Woman expresses EQ disappointment
AS the floodwaters tore through the Warwick State High School’s (WSHS) vacant oval and agricultural farm, Margaret McKinnon could only shake her head thinking about the latest letter sent by Education Queensland counting the floodplain as part of the school’s total land area.
As part of her campaign to save the Slade School campus as a possible educational facility to rectify the growing high school’s capacity issues, Mrs McKinnon helped table a petition in parliament and is still seeking a meeting with Education Minister Geoff Wilson.
Instead, she received a letter from the minister’s principal advisor Murray Daniel saying there was no problem, despite the high school being at almost 100 per cent capacity on day eight in 2010 and facing an extra 200 Year 7 students if the Flying Start program goes ahead.
“WSHS is situated on 20.4 hectares, including an agricultural farm... the department standard land allocation for a high school is 12 hectares in comparison,” the letter read.
Deputy Opposition Leader and Member for Southern Downs Lawrence Springborg saw for himself where last week’s flood covered the majority of this area, calling it “ludicrous” to include areas of floodplain when discussing the student-to-land-area ratio.
WSHS P&C president Mark Pearson said the school was “flying under the radar” with their student numbers steadily rising and a solution needed quickly.
“But the logistics of having a split campus (at Slade) are concerning,” Mr Pearson said.
From the P&C’s point of view, their first option is to purchase adjoining land and houses surrounding the school before thinking about a split campus solution – something Mr Springborg said would still pose hurdles.
“The problem with adjoining properties is that we’ll still have students crossing over main roads so then you’re looking at multi-million dollar solutions to overcome safety issues and we really don’t want to be spending another $8 million on another tunnel for the town,” Mr Springborg said.
“Frankly the only way it could work is to create a middle school – part of the cohort with years 7, 8 and 9 permanently in one location and the rest in another.
“You cannot rule out a Slade solution because never are we going to find 20 acres so close to town and if we miss out, we’re locked into something sitting on a floodplain.”
Mrs McKinnon said the Southern Downs Regional Council had shown interest in the Save Our Slade committee’s plight.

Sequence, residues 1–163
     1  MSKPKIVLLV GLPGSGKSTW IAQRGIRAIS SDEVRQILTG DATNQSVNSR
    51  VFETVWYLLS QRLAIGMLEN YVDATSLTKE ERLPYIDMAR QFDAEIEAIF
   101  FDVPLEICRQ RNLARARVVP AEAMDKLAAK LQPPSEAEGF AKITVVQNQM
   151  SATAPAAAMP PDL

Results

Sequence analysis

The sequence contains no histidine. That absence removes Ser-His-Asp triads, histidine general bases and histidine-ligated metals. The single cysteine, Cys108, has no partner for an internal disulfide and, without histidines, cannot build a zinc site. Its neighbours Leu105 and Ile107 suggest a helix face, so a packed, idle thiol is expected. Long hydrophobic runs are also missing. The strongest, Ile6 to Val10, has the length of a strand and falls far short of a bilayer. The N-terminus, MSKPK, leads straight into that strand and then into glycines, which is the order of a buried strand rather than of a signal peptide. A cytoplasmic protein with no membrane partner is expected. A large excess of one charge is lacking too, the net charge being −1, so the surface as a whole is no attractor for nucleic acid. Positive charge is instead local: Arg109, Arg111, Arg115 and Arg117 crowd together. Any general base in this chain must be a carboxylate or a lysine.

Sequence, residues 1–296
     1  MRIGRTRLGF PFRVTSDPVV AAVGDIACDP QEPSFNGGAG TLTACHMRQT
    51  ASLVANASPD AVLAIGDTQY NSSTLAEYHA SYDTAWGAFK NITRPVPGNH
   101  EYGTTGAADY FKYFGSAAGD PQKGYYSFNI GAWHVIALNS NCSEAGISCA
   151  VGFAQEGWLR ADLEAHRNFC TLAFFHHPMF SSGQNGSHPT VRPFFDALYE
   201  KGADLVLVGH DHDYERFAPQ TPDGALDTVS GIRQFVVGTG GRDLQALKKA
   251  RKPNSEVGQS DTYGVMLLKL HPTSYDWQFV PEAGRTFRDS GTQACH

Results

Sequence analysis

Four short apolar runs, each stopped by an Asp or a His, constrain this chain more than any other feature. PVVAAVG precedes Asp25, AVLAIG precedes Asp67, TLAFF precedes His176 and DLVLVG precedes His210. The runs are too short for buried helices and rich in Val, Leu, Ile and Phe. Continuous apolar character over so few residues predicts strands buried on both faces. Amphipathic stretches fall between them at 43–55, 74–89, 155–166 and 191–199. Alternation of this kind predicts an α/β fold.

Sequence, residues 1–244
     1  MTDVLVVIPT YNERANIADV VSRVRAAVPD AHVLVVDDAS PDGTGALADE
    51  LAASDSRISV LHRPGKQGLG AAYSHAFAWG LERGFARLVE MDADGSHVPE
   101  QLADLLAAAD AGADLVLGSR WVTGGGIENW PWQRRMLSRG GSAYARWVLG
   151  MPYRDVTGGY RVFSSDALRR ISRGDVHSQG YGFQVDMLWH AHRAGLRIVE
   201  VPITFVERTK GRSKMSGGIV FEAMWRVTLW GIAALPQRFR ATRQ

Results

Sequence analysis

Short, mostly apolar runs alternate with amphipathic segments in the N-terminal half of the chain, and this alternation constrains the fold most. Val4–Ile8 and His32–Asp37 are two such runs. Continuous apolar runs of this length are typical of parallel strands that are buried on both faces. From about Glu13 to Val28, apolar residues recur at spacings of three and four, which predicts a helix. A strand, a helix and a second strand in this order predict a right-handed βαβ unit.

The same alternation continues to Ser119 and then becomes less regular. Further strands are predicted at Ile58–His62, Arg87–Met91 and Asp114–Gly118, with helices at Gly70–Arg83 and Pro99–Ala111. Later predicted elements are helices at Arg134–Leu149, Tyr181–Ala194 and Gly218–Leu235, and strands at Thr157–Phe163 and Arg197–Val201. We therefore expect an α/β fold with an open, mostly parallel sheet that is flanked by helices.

“They’re calling for submissions from people interested in using Slade,” Mrs McKinnon said.
Slade campus was recently put to good use as council activated it as an evacuation centre during the flood.
Mayor Ron Bellingham used the visit by Deputy Premier Paul Lucas last week to bring the campus to the attention of State Government.
“I’d mentioned the Slade School issue – in actual fact (Mr Lucas) went up and inspected Slade School,” Cr Bellingham said.
“It was such a useful facility to accommodate 260 people last Monday night and as he said, not many communities would be able to do that at all but I did suggest it might be an appropriate facility the State Government should look at purchasing.”
But the Education Minister’s principal advisor Murray Daniel said the Department “cannot resolve to supplement a school with far more built space than it will be able to occupy over the medium or long-term future”.
“The old Slade School site has sat idle for many years and the buildings would have deteriorated and functionally would not meet departmental standards,” Mr Daniel wrote.
“The cost to purchase the old Slade School site and upgrade such facilities would be significant and beyond the capabilities of current and future Capital Works Programs.”
But Mr Springborg said until a detailed inspection of Slade is done, State Government should not rule it out. “There needs to be a masterplan to put money aside to get a proper assessment done,” Mr Springborg said.
“There’s no flood issues up there, it’s a beautiful part of town – why let it slip through our fingers?”